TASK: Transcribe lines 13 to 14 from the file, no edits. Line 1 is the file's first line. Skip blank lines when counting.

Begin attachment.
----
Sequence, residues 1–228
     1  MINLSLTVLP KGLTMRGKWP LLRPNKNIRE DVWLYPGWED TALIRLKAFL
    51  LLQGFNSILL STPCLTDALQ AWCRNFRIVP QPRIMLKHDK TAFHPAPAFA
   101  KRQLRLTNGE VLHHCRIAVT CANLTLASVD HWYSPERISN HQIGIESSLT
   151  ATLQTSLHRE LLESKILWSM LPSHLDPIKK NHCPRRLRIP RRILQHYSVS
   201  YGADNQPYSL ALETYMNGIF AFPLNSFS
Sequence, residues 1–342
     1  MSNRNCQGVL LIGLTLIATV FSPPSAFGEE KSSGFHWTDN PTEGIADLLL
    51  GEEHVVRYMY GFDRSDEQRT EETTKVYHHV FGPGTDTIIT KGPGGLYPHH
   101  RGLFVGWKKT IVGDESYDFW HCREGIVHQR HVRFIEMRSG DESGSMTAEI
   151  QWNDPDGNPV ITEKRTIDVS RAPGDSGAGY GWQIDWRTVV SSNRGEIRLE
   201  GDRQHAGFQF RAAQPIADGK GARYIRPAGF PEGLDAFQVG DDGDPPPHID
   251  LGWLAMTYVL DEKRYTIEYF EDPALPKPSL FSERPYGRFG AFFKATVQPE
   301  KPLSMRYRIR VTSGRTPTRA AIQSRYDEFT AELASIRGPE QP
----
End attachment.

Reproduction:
   251  LGWLAMTYVL DEKRYTIEYF EDPALPKPSL FSERPYGRFG AFFKATVQPE
   301  KPLSMRYRIR VTSGRTPTRA AIQSRYDEFT AELASIRGPE QP